I knew the day would come, I had been warned. The doctor sat across from me and said, “Peter you need to reduce your salt intake—in fact you need to avoid salt completely.” I knew it would come-and I dreaded the thought.
You see, I grew up in a home where food was made savory with just two spices: salt and pepper. Actually we didn’t use the word spice -we may have on occasion called them condiments—and if we added mustard we had a cruet set. But I never heard the word spice used by my mother. Salt and white pepper was all my mother used, and she used them liberally—mother didn’t just shake them on meat dishes, mother pounded them on! I suspect that because of my mother’s conditioning —I used to add salt and pepper to food even before tasting it. Why? I just knew the food was not tasty enough for me.
That leads to my sermon question for today: are we salty enough to be effective Christians?
Let me set that question up a little. I am of the considered opinion that Jesus’ teachings and sayings were radical —that is to say he challenged the status quo—challenged the accepted norms of his day.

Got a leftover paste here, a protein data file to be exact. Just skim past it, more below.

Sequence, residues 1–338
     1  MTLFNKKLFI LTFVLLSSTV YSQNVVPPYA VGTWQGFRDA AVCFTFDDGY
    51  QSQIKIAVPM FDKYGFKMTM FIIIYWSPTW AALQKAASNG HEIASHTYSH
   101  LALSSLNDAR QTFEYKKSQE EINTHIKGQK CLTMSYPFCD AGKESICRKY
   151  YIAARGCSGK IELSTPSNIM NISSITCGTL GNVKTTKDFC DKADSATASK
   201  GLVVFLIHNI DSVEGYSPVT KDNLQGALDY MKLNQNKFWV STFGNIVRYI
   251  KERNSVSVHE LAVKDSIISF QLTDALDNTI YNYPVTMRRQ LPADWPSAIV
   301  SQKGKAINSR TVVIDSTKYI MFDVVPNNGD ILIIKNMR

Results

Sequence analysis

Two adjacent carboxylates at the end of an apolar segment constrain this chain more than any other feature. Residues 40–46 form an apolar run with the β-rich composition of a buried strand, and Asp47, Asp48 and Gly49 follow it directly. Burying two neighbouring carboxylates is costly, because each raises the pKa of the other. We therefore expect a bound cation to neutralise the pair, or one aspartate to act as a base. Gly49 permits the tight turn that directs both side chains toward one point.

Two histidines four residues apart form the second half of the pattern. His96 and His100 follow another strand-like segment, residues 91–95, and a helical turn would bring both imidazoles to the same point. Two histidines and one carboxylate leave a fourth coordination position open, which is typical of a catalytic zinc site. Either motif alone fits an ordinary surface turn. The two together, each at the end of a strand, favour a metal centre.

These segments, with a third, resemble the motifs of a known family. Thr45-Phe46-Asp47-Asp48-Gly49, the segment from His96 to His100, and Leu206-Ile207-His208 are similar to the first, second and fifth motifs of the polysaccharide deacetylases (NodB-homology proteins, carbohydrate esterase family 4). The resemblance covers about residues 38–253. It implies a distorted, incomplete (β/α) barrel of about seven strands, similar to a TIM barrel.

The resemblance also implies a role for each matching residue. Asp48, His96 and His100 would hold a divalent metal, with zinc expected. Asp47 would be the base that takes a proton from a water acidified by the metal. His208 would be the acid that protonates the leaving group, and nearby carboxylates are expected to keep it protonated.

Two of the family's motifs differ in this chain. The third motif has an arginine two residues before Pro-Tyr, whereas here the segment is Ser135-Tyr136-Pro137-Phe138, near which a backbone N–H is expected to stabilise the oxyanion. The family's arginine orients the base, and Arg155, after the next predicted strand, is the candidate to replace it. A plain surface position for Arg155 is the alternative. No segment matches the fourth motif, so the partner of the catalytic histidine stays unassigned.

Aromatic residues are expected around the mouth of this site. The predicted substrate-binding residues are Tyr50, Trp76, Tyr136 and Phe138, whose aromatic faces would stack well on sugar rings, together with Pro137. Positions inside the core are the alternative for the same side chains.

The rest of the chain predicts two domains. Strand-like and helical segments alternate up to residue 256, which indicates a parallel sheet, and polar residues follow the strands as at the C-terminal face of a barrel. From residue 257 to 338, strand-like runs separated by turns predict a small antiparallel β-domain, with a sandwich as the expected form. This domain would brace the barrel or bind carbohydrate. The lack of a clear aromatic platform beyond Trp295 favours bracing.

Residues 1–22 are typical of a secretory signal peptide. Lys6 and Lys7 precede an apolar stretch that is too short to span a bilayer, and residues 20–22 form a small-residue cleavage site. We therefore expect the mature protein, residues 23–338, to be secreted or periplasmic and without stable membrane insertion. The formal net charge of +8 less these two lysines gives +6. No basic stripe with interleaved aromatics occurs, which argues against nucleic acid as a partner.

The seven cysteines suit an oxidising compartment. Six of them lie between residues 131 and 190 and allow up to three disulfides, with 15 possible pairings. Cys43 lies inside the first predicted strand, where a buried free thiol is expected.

He challenged the dietary laws and the laws of the Sabbath. He ate with sinners and told powerful stories about foreigners whom the Jews considered the enemy.
He so angered the political and religious leaders of his day that that they conspired to put him to death in the hope of silencing his annoying group of disciples. But it didn’t work. It didn’t work because the radical nature of the gospel was engaging people. It was offering new hope based of love not on crushing rules and regulations.